Nevertheless, the lure of copying and pasting was hard to resist. The students in this class had been required to submit their notes. One remained defensive, even after her assignment had been penalised by a loss of marks because of the nature of her notetaking.

Well, I got a couple of marks down for my notes, the Internet notes, because yeah ... when I take notes from the Internet I just copy and paste them into a Word and then when I'm typing up my thing I just look at this other Word document and take some things out of there and put them in my thing. ... Well, I think the dot points is a bit--yeah, the dot points was okay for the books. (Year 7)

In the other year levels, about a third to half of the students said they took notes in dot point form, with the majority saying or implying that they used their own words when incorporating their notes or information records into their assignments. The remainder of the students in all year levels used a variety of methods for recording information, including copying and pasting from Web sites, printing from Web sites, and highlighting key points or photocopying from books and highlighting key points. These students, too, mostly said that they used their own words when converting their notes to the text of their assignments. Because their notes were not checked by the teachers in these schools, we have no way of knowing how well this happened. As discussed above, the Brown (2005) research indicated a gap between students' self-perception of their notetaking skills and their actual abilities. The following quotations indicate the range of approaches to note taking used by the students:

[I made notes by] copying and pasting them in a big Word document. (Year 8)

I cut and pasted it but then I summarised it in my own words, I didn't actually copy it. I didn't want to take ... from someone else's work. (Year 8)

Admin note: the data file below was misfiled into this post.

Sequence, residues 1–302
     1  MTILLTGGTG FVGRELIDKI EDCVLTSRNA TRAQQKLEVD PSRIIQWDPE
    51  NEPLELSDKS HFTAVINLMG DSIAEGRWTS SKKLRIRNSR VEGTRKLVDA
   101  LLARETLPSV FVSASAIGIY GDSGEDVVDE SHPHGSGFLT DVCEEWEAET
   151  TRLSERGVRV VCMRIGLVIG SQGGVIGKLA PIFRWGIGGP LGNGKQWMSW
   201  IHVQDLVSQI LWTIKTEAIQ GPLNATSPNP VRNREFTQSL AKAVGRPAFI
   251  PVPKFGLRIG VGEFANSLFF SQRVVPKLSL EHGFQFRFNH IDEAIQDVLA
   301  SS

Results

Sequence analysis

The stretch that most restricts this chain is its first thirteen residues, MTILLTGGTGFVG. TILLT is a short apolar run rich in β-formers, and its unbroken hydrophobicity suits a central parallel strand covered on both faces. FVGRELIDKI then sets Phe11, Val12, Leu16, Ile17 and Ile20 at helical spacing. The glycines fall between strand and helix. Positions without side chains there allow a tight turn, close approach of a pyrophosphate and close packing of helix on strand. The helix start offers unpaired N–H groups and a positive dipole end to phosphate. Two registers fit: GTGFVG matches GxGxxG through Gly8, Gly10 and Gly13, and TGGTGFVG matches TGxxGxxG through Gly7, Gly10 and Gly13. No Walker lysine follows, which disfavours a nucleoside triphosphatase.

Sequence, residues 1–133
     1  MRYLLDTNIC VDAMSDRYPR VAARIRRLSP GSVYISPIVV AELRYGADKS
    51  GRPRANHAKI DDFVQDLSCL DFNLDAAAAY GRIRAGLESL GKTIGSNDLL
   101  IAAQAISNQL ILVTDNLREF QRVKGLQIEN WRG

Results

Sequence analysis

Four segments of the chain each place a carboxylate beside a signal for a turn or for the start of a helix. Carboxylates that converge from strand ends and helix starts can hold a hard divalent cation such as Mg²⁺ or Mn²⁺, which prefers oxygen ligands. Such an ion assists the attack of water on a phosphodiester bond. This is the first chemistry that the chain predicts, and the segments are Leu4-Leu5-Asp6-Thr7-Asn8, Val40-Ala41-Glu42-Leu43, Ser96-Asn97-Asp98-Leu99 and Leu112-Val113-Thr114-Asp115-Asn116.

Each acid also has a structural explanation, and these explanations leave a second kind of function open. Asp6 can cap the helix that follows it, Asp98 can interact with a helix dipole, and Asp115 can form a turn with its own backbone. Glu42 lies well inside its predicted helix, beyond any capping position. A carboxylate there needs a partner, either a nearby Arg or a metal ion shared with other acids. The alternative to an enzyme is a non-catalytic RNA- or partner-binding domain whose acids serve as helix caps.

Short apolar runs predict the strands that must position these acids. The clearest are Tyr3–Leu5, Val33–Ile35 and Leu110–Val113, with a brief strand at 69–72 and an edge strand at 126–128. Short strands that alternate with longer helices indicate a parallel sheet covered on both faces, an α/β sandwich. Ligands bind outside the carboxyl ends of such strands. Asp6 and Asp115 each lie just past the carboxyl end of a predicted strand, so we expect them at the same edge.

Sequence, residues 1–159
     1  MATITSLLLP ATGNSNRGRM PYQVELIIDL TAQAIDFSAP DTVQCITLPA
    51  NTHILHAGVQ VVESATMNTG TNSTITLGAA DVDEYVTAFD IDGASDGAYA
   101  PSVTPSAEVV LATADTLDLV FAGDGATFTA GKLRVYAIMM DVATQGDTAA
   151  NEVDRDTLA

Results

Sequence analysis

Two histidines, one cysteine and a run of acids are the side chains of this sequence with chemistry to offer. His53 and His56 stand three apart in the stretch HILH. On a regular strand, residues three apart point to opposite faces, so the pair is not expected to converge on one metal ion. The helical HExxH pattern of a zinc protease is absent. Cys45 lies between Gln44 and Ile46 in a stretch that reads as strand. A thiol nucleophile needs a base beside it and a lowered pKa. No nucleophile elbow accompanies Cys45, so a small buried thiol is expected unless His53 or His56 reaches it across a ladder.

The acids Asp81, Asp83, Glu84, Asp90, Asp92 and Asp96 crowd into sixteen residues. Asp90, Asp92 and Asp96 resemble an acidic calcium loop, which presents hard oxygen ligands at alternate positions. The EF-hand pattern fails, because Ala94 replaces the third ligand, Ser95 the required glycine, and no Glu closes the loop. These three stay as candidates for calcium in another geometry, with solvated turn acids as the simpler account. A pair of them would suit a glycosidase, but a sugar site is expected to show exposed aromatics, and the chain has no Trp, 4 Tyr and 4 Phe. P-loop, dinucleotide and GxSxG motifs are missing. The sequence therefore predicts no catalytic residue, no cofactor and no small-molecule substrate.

Um, I had my information, most of it--a lot of it--was photocopied and then I just highlighted and scribed out what I found interesting ... I just write it out. I write out sentences or phrases that I think are useful ...That became my notes. (Year 10)

I printed it up, then I'd read through it, highlight sort of main areas, and then the areas that, you know, that were important, I'd footnote them, I'd quote parts you can't really change and then just the general sort of talk, the basic ideas, put into my own words at he write up stage. (Year 11)

I just summarised paragraphs and important sentences into just small dot points I could understand ... I wrote it down in biro ... I find that helpful. (Year 11)

Attribution of Information Sources

There appears to be little research investigating the ability of secondary school students to acknowledge the sources of the information that they include in their assigned work. The work of McGregor and Streitenberger (1998) placed some emphasis on this issue, and that of Britt and Aglinskas (2002) provides some insight.

Studies in the 1990s in Alberta and Texas (McGregor 1993; McGregor and Streitenberger 1998) compared the submitted assignments of two groups of eleventh-grade students with the original sources of their information. Levels of copying and plagiarism were high in the Alberta group. The Texas group also demonstrated high levels of copying. However, the teacher of this group had emphasized the need for the students to acknowledge information sources, and the degree of outright plagiarism was lower than that of the first group. Although the Texas students attempted more referencing, they did not prove to be skilful at paraphrasing or punctuating direct quotations correctly, and made many citation errors, including false citations, that seemed to indicate that many were simply fulfilling a requirement to include citations, not acknowledging appropriately.